A federal judge dismissed a lawsuit from several states Monday that sought to void the Trump administration’s cap on a tax break for people filing in high-tax states.

In a win for the president, U.S. District Judge Paul Oetken in New York said that Maryland, New Jersey, Connecticut and New York failed to show that the cap of $10,000 on federal deductions for state and local taxes exceeded Congress’ constitutional power to impose income taxes. The cap was implemented as part of President Donald Trump’s 2017 tax overhaul.

Oetken ruled that there was no basis for the claim that the cap was an effort to force states to lower their taxes.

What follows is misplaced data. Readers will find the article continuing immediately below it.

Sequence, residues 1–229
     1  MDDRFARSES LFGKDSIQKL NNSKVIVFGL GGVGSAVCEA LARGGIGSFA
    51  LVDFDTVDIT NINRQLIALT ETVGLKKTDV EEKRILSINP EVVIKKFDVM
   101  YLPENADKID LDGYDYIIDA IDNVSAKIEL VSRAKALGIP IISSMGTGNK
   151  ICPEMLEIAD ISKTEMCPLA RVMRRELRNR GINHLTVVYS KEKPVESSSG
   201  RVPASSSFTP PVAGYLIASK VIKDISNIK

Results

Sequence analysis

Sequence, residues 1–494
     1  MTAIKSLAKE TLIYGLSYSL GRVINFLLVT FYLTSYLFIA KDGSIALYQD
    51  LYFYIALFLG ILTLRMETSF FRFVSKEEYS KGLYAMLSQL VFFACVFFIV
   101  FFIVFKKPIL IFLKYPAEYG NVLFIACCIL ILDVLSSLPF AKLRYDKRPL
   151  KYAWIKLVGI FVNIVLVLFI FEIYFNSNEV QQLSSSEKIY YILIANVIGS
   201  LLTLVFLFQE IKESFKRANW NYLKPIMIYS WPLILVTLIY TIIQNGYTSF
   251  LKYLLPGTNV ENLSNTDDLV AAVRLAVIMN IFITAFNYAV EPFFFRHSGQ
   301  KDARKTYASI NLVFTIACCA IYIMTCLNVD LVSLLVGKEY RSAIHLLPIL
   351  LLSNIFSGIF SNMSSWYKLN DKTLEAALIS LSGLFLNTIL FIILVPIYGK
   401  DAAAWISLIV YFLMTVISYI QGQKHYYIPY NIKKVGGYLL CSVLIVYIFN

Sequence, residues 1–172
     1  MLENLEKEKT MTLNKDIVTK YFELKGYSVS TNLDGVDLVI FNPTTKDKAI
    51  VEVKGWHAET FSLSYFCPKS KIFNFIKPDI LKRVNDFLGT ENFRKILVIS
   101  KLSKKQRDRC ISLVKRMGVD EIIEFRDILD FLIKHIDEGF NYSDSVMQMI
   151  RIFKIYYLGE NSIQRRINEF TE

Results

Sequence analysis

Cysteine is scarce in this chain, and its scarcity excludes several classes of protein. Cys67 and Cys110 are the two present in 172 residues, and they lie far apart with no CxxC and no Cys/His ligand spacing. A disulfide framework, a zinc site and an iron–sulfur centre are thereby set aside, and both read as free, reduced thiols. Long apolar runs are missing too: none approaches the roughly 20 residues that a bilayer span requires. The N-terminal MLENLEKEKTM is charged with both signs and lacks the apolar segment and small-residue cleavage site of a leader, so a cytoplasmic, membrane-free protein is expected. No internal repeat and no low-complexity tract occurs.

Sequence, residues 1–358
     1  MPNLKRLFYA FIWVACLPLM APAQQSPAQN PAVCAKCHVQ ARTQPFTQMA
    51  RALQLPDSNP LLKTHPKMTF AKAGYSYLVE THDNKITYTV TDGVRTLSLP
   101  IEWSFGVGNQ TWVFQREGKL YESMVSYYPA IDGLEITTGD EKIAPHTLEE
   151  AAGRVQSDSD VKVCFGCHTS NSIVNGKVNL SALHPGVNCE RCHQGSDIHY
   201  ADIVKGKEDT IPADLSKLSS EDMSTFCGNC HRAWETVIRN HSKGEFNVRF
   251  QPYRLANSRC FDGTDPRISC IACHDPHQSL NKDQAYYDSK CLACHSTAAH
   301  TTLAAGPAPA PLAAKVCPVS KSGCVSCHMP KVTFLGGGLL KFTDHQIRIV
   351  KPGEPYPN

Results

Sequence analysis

The states failed to show that the cap “puts them to the forced choice of lowering tax rates or facing budgetary catastrophe,” Oetken wrote, Reuters reported.

The lawsuit was filed by the states in 2018, alleging that the limit was a way for the administration to punish Democratic-leaning states. The Tax Cuts and Jobs Act limited the state and local tax deductions at $10,000, an amount below the average of what people claim in states like the ones suing.

The limit allows individuals and married taxpayers filing together who itemize deductions to deduct only up to $10,000 a year for state and local income, property and sales taxes. Married people filing separately have a limit of $5,000 each.

Trump used the cap to help pay for other parts of the $1.5 trillion overhaul, which included reducing taxes for wealthy Americans and cutting the corporate tax rate.

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